By Phyllis Segal
It’s National Mentoring Month, and I’m reminded of child psychologist Urie Bronfenbrenner’s words: “Every child needs at least one adult who is irrationally crazy about him or her.”
And that makes me think about my dad. He made me feel I could do no wrong, even when I did. He made me believe that if I aimed for the stars, I could reach them.
When I was in my teens, Dad’s craziest idea was that I would become a nuclear physicist. Mind you that was in the 1950s, and I had absolutely no idea what a nuclear physicist is. (Come to think of it, I’m still not sure I know that today.)
I can’t describe any older adults outside my family as irrationally crazy about me. But I was fortunate to have several who helped me become the now-73-year-old person I am today.
Some were my teachers, like Ms. Hess in sixth grade, who made me believe I could write poetry (ok, a bit of a leap as it turned out), and Mr. Sloane, who encouraged me to run for president of my high school’s junior class and then secretary of the school. And then, after I was elected, he helped me understand what it meant to serve the students I represented.
In college, professor Mark Chesler encouraged me to study and apply conflict theory to the civil rights movement, which led me to become a social justice activist. And in law school, another professor, Jeff Bauman, helped me get my first job as a lawyer. Last year I had a chance to tell him — to his total surprise — how important he is in the story of my life. I’m so glad I did that.
A few years later, Ruth Bader Ginsburg, 12 years my senior, helped me begin my career as a women’s rights lawyer, opening the door to the meaningful work I’ve done ever since.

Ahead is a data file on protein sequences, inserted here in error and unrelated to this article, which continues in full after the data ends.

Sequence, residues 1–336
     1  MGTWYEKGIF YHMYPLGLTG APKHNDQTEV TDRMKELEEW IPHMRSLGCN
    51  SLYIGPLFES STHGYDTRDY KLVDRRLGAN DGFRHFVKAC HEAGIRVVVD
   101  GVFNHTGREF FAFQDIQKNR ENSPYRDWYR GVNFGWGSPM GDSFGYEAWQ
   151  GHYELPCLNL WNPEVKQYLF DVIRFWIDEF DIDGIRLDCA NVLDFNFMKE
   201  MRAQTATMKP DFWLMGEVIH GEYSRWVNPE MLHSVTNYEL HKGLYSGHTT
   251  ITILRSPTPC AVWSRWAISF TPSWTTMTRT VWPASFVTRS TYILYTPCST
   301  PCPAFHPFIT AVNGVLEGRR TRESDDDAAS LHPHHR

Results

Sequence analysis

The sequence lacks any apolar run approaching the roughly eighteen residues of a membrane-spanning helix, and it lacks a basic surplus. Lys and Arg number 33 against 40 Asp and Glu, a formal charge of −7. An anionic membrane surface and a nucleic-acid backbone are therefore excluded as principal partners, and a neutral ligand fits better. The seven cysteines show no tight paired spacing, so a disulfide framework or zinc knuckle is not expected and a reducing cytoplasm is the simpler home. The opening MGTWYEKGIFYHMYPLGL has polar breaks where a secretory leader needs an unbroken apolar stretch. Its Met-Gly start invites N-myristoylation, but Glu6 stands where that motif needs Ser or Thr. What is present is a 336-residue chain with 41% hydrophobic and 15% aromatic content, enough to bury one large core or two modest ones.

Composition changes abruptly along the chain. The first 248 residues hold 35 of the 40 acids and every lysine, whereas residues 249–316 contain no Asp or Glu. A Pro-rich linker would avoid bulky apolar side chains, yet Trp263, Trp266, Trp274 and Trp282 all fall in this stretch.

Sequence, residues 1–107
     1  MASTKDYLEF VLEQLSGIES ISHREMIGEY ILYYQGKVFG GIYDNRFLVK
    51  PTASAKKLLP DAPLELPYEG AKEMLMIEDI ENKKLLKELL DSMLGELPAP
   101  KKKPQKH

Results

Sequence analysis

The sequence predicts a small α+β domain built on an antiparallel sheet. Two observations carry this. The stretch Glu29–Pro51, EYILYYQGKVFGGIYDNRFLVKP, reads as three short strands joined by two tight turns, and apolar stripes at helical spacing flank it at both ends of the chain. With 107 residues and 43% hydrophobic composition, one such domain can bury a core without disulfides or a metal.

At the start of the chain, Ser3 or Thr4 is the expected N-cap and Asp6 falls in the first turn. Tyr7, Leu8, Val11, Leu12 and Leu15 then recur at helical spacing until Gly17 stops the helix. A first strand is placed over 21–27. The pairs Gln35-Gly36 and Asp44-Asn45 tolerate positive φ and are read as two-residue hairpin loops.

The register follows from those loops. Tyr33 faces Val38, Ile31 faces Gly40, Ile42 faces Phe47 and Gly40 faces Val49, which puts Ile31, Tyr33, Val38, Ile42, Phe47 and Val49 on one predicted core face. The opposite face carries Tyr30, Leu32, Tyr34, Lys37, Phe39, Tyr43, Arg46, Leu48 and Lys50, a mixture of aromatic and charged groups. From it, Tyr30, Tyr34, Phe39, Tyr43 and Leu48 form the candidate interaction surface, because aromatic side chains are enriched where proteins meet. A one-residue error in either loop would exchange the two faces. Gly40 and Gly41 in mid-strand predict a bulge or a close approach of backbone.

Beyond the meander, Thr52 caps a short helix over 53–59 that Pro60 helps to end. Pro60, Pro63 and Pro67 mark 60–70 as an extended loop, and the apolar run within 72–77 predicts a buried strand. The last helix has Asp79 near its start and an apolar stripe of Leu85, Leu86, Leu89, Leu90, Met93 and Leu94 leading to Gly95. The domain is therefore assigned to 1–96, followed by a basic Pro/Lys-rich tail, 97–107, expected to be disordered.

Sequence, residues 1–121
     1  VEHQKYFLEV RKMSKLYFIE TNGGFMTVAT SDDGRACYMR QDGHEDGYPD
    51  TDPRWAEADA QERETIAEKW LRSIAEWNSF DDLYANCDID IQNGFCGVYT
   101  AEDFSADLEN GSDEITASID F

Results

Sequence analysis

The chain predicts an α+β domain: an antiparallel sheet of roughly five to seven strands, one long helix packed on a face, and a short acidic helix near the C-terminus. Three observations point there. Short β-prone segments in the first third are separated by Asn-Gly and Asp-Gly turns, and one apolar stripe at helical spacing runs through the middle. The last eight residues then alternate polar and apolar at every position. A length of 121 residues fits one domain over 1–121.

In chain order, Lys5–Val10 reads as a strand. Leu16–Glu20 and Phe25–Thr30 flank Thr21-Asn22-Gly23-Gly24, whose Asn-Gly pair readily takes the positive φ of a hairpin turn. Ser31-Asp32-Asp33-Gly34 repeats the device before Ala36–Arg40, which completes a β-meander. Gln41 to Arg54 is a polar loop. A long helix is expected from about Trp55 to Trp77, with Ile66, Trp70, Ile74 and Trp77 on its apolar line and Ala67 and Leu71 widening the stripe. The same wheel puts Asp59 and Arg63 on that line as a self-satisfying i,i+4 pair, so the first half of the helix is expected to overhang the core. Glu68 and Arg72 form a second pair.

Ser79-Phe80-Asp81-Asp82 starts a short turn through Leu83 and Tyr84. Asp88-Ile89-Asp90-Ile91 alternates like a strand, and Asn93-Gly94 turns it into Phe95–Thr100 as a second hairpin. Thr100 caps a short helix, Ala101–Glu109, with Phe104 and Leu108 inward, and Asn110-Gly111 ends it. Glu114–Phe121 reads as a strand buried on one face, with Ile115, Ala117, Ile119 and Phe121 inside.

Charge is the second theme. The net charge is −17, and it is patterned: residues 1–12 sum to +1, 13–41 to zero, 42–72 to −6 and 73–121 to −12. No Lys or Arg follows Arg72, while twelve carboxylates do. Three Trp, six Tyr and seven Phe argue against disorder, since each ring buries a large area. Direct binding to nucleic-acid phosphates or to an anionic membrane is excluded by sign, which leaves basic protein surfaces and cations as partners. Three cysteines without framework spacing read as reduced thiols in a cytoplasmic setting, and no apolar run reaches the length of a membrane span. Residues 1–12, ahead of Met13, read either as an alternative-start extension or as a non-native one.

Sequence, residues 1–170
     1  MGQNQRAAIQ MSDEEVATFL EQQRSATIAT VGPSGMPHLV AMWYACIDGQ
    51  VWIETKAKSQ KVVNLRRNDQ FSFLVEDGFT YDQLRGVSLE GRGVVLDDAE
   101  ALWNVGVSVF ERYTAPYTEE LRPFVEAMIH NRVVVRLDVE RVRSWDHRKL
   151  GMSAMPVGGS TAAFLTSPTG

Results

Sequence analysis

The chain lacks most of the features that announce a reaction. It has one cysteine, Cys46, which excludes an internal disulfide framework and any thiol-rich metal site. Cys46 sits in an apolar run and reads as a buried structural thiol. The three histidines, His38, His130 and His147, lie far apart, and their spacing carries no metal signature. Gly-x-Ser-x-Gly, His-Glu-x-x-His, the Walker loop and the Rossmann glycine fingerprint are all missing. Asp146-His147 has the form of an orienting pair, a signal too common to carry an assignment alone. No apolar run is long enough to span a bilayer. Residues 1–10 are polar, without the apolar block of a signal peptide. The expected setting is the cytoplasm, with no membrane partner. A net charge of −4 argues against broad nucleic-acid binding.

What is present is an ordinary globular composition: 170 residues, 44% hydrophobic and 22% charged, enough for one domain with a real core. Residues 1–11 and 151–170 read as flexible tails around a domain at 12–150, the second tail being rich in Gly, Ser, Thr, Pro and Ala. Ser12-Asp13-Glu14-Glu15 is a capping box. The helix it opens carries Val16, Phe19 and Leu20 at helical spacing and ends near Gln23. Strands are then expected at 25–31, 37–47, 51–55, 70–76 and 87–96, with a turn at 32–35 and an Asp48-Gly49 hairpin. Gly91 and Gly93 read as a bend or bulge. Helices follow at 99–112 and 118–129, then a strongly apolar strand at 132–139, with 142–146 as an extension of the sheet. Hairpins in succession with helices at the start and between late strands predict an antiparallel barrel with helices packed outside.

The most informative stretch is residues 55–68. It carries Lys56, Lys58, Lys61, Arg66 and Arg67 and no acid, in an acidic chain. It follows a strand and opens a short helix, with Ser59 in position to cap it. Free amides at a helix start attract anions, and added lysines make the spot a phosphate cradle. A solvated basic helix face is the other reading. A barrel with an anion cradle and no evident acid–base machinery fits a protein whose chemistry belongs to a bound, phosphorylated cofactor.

I never thought of these caring adults as “mentors.” But as I think about that term today, I realize that they were. Mentoring just wasn’t a common concept when I was growing up, despite the fact that it had been around for centuries, ever since Homer named Odysseus’s son’s teacher “Mentor.”
I wasn’t surprised when the National Mentoring Partnership (MENTOR) reported last year that 20 percent of adults 50 and older said they didn’t have a mentor when they were growing up — that would have been my answer, too. But I wonder what the response rate would be if the question was asked not about “mentors,” but about “caring adults outside your family.”
I wonder, too, if terminology explains why the same MENTOR survey finds that adults over 50 are significantly less likely than younger adults to be willing to participate in a structured mentoring program. When asked about being willing to mentor informally, the generational difference disappears.
I’ve done both. At Strive for College, a structured program, I’ve been a virtual mentor, helping a high school senior apply to college. I’ve mentored several young people I’ve gotten to know through the Segal Citizen Leadership Program. And I’m informally coaching others who reach out to me because of people we know in common.
The structured programs have an advantage: They connect me with young people I would otherwise never know. The resulting relationships go beyond the familiar, reaching across race, class, gender preference, geography and other divides.
Nine million young people in America grow up without a mentor’s guidance — and I’m pretty sure I’m not finding any of them through my informal mentoring. So this winter I’m thinking about the organizations that can help me connect with young people across divides. I want to widen my own experience and get the chance to make a difference in the life of someone I’d otherwise never meet.
If you’re interested in becoming a mentor:
- Start by searching the Mentoring Connector, the only national database of youth mentoring programs that connect volunteers to opportunities in their local communities.
- If you are a former amateur Olympic-Style boxer or fan and want to volunteer as a coach or official to help at-risk youth find a positive pathway to adulthood, contact Lynette Smith of USA Boxing at [email protected].
- Find out how to become a Big Brother or a Big Sister to a young person in your community.
- Or sign up with Strive for College to help young people virtually — via video, phone and email — apply for college.